Raphael Elkan Samuel
26 December 1934
|Died||9 December 1996 (aged 61)|
|Spouse(s)||Alison Light m.1987|
Raphael Elkan Samuel (26 December 1934 – 9 December 1996) was a British Marxist historian, described by Stuart Hall as "one of the most outstanding, original intellectuals of his generation". He was professor of history at the University of East London at the time of his death and also taught at Ruskin College from 1962 until his death.
Samuel was born into a Jewish family in London. His father, Barnett Samuel, was a solicitor and his mother, Minna Nerenstein, was a composer and partner in Jewish publishers Shapiro, Valentine. Samuel joined the Communist Party of Great Britain when a teenager and left following the Soviet Union's invasion of Hungary in 1956.
Samuel was awarded a scholarship to Balliol College, Oxford where he became a member of the Communist Party Historians Group, alongside Christopher Hill, E. P. Thompson and others. He co-founded the journal Past and Present in 1952, and pioneered the study of working-class history. He founded the Partisan Coffee House in 1956 in Soho, London, as a meeting place for the British New Left.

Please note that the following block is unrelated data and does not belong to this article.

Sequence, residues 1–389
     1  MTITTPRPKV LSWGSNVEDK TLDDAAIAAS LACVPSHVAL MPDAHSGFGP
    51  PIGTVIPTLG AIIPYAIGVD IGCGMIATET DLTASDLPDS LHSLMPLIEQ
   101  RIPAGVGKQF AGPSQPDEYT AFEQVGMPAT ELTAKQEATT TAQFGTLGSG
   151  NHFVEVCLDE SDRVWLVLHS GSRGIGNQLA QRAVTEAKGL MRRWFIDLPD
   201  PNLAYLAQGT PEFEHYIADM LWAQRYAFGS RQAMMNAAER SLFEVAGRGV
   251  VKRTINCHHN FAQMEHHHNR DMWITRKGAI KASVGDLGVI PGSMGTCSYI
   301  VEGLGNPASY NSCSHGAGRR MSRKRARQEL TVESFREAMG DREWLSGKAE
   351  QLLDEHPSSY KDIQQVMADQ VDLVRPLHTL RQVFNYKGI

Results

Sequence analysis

He founded the History Workshop movement at trade union connected Ruskin College, Oxford. Samuel and the History Workshop movement powerfully influenced the development of the approach to historical research and writing commonly called "history from below".
After Samuel's death in 1996, the East London History Centre of the University of East London was renamed the Raphael Samuel History Centre, in honour of his role in creating it. The Centre was established to investigate and document the history of London since the eighteenth century. Consistent with Samuel's belief that historical studies should extend outside the academy, the Centre encourages research in the community, and the publication of materials ranging from monographs by established scholars to student dissertations and "Notes and Queries" features in the local press. Since September 2009 the Raphael Samuel Centre has been a partnership between the University of East London, Birkbeck College and the Bishopsgate Institute.
Like Raymond Williams and Edward Thompson, he produced his historical work in interaction with working-class adult returners to education.... The standard charge against the history Samuel inspired was of a fanatical empiricism and a romantic merging of historians and their subjects in crowded narratives, in which each hard-won detail of working lives, wrenched from the cold indifference of posterity, is piled upon another, in a relentless rescue of the past. When he was himself subject to these charges, it was presumably his fine – and immensely detailed – accounts of the labour process that critics had in mind. But it was meaning rather than minutiae that he cared about.
Raphael Samuel was interred at Highgate Cemetery.